Commenting on the evidence, Committee Chair Pete Wishart MP said:
“While we welcome the fact the Government has launched a Seasonal Workers Pilot scheme, after hearing from sector representatives, it is evidently clear that 2,500 workers will not resolve Scotland’s agricultural workforce crisis, let alone the rest of the UK.
Without a larger scheme it is likely that businesses will face the prospect of not having enough labour for harvest season; resulting in rotting produce. The Government needs to listen to Scotland’s agricultural experts and create a flexible scheme that supports the needs of farmers but is also attractive to workers outside the EU and can compete with existing schemes from other EU countries.”
Impact of shortfall in workers
Scottish farms employ up to 10,000 non-UK nationals in seasonal positions in the soft fruit and vegetable sectors each year. However, some growers have reported a 10-20% reduction in this workforce in recent years which has led to decreased production and rotting produce.
The Committee heard that the sector is reliant on seasonal workers from outside the UK, as the large number of workers required is not readily available in the domestic population in Scotland. Without a steady supply of migrant labour, up to two-thirds of farmers may have to switch to other forms of agricultural activity. The Committee also heard that while automation is possible in some sectors, there will remain significant need for labour in the future.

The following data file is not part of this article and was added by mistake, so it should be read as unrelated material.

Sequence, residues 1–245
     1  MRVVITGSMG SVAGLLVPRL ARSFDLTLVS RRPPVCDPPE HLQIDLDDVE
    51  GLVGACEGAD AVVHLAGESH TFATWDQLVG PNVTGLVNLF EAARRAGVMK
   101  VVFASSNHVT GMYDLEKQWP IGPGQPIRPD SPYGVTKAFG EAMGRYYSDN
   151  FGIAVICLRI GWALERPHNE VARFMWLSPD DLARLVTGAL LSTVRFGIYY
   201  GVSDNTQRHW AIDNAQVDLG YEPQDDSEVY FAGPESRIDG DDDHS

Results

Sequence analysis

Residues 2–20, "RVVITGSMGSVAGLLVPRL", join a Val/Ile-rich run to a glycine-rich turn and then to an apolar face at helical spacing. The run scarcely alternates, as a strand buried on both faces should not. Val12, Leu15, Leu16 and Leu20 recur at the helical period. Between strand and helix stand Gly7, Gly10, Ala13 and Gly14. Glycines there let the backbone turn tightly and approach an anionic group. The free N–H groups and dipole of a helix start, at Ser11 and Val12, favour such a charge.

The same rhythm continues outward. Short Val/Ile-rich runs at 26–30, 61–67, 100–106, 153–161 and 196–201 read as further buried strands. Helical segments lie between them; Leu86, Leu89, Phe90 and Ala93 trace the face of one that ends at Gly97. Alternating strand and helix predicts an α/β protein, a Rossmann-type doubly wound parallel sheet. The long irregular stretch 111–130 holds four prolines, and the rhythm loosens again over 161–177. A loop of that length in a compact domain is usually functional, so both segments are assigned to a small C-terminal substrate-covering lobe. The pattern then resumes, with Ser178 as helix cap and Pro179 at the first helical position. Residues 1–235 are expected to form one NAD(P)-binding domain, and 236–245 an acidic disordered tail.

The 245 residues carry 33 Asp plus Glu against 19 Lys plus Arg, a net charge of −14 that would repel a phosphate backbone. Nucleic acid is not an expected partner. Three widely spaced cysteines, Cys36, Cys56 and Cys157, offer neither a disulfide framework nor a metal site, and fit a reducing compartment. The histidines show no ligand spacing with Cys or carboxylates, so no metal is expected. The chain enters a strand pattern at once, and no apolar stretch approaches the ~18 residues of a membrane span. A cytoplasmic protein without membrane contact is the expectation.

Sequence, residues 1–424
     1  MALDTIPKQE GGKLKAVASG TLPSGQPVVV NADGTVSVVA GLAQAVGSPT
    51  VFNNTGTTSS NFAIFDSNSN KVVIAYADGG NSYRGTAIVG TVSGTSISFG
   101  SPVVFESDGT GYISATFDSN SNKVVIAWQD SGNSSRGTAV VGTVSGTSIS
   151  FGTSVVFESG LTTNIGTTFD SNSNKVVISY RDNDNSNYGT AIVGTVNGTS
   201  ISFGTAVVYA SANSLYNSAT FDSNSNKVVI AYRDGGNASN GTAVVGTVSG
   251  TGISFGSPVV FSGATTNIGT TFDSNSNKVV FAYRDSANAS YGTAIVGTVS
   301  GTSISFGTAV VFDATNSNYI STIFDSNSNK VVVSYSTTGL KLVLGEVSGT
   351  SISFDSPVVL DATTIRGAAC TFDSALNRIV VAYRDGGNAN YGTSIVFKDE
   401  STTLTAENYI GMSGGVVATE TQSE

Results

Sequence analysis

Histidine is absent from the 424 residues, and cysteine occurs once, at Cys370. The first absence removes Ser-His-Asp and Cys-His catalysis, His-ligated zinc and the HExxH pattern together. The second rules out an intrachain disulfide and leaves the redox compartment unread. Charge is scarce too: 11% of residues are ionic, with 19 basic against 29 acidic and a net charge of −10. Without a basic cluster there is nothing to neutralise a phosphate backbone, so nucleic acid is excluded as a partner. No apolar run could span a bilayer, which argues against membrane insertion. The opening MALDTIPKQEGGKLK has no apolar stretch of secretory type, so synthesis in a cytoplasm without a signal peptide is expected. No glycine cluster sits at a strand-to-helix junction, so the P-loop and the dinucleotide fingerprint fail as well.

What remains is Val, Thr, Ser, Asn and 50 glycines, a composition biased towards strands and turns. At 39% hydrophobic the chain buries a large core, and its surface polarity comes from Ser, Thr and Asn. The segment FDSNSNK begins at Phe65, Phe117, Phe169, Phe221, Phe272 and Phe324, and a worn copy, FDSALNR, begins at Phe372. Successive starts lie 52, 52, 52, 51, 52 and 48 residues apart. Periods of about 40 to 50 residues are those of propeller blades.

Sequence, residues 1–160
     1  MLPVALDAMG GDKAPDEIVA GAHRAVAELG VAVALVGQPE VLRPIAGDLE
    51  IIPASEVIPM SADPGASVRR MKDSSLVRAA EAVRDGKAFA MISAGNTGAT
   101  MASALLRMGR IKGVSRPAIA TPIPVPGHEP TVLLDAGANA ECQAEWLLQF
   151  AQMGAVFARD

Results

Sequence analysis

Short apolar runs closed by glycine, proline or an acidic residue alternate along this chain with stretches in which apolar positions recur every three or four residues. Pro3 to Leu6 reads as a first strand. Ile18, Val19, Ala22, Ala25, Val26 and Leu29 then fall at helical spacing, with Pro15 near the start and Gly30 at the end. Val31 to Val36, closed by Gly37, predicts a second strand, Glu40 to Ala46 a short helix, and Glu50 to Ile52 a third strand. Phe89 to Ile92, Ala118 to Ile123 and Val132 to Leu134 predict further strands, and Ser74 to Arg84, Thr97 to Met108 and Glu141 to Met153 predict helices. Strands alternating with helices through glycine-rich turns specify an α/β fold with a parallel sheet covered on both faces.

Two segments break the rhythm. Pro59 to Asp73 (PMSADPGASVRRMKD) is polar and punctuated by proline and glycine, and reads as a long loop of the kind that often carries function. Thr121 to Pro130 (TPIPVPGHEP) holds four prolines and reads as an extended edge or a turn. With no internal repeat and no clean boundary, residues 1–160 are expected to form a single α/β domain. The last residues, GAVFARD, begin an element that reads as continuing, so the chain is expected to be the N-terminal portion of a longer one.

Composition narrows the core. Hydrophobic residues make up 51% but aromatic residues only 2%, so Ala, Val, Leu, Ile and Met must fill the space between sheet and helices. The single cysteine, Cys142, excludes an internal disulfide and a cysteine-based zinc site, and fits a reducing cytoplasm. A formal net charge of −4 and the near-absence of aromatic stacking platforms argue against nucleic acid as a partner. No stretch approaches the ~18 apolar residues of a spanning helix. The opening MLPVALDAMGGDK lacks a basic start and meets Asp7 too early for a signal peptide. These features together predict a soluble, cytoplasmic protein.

Seasonal workers pilot scheme
The panel of farmers and growers criticised the UK Government’s seasonal workers pilot scheme for providing an inadequate number of workers needed to sustain the industry. The pilot currently enables 2,500 seasonal workers to come to Scotland. James Porter, of Angus Growers said this number needed to be increased immediately to 10,000. The panel also called for more to be done to make the scheme attractive to young people.
The operators of the pilot scheme, Pro-Force Ltd and Concordia, agreed that the number of workers allocated under the pilot was inadequate, and would struggle to make a significant impact on the workforce shortage in Scotland.
Administrative costs and visa delays
The Committee also heard concern about the high cost of registering for seasonal workers under the new pilot. The cost of registering and being audited for being accepted onto the scheme can be as much as £1000, even for small farms. Many farms have already been audited.
Additionally, the pilot scheme is facing a backlog of delayed visa applications for workers from Moldova and Ukraine, with visas sometimes taking up to 30 days to process. The operators said that these delays meant workers may not be on the ground in time for harvesting seasons.